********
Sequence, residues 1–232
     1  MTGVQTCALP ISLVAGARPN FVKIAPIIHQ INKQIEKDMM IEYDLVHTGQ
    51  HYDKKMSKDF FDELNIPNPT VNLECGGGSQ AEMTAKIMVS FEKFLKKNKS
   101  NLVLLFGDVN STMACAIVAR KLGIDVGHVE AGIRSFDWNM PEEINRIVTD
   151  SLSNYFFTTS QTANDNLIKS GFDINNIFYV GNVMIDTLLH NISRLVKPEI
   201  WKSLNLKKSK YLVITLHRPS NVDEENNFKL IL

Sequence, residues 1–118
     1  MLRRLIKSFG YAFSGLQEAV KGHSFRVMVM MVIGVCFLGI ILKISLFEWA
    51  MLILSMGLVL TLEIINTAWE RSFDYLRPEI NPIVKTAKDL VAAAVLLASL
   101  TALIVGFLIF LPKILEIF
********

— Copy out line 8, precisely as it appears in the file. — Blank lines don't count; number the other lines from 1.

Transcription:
     1  MLRRLIKSFG YAFSGLQEAV KGHSFRVMVM MVIGVCFLGI ILKISLFEWA